Actually I do worship the gods. I'm a Greco-Egyptian Reconstruction Polytheist (Basically I worship the gods of Greece and Egypt by the ways they did in Ancient Times ((though of course modifications like no animal sacrifice)) and other gods=I worship gods of Greece and Egypt but I honor and treat respectfully all gods (Yahweh, Yama, Oghma, and etc))).

But yeah....really tempting fate there with the god of embalming and guide of souls...
They do sell alcohol at airports do they? Well then people can before their flights make libations to him before their flights for safe passage (Underworld passage that is, Anubis is equated with Hermes the Arcadian god of Travel and Money AND he guides the souls of the living in travel and the dead to the underworld. BUT I doubt these fellows had that in mind when they did this....)!!!

As for smiting, I am not sure what Anubis would do-depends if he likes the statue or not-or candycanes. Again not sure but I know a few like myself who are staying away from Dallas airport for a while.....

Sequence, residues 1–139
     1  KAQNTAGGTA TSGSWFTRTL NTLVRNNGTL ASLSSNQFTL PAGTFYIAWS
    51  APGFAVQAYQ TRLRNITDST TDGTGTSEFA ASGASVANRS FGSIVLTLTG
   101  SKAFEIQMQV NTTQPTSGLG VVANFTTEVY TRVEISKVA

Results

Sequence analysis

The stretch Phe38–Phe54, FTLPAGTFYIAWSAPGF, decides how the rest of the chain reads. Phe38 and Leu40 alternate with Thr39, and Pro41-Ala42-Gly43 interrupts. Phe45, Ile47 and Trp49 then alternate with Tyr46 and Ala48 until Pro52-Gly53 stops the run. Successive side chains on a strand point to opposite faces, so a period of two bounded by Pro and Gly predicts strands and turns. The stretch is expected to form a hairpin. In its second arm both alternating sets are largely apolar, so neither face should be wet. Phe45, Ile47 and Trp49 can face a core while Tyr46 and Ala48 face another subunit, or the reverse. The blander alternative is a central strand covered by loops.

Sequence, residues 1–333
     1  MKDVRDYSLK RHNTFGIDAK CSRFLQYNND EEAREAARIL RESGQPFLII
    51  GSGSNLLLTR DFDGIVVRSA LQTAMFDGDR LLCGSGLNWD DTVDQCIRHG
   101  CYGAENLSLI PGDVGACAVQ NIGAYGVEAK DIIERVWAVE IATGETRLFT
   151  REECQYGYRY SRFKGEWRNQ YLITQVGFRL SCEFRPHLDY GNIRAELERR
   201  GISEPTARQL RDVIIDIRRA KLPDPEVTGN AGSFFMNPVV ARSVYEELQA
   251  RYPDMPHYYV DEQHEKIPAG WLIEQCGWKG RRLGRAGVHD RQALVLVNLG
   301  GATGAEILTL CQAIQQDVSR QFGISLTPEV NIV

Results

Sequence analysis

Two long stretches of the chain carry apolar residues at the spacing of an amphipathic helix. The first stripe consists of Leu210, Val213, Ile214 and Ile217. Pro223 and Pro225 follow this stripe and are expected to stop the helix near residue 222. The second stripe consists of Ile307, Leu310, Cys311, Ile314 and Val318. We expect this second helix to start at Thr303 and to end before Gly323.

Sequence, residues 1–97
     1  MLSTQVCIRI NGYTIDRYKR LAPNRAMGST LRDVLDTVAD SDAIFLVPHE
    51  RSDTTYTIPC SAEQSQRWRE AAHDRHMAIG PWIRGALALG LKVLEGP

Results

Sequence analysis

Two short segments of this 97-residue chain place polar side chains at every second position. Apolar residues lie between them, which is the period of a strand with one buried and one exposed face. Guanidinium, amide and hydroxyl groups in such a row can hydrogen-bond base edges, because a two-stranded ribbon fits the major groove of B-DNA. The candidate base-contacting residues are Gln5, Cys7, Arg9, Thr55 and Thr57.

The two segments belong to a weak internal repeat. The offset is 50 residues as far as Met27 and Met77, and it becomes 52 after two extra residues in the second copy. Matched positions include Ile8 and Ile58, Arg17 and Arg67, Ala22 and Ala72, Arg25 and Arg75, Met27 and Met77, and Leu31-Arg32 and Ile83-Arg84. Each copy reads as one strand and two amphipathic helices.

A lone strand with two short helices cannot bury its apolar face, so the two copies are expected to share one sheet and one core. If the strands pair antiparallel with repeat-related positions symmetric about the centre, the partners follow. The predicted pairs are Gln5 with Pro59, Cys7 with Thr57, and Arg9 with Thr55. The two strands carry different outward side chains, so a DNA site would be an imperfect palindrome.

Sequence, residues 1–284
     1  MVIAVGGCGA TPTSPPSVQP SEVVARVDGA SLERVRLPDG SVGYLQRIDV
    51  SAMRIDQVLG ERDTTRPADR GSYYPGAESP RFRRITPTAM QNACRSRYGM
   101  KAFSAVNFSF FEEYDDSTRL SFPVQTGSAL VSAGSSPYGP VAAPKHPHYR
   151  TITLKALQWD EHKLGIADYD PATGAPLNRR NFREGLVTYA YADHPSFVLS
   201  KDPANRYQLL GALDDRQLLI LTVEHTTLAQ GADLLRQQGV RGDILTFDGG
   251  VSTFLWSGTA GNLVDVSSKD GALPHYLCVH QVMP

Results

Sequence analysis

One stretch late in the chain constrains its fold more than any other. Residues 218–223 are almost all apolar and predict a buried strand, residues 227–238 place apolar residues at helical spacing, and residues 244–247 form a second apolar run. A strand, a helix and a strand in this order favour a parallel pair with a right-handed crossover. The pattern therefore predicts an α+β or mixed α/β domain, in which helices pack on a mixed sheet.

You're not only the minority, you may be "it".

The PC culture of the US has gone too far. You can't say "boo" without someone who worships ghosts being offended.

Get over it. It wasn't meant as an anti-Greco-Egyptian slight. Nor was it meant as a slight of those that aren't Americans or Christians.


We're not used to using surnames as the first name, nor the last name after the maternal grandmothers' name.

Get over yourselves. If you're so "offended", don't read the newspaper. Don't listen to the news. And above all, don't talk to the "normal" Texan or American.

Masksoff, Dan is not "it." Reconstructionist Pagans are not common, but they are around. But even if he were the only one, it would still be appropriate to show respect for his beliefs, just as it would be appropriate to show basic respect for any other religion.

This isn't a "PC" issue, it's one of basic decency. What happened to that famous Southern courtesy?


So you say "Mr. Jesus?"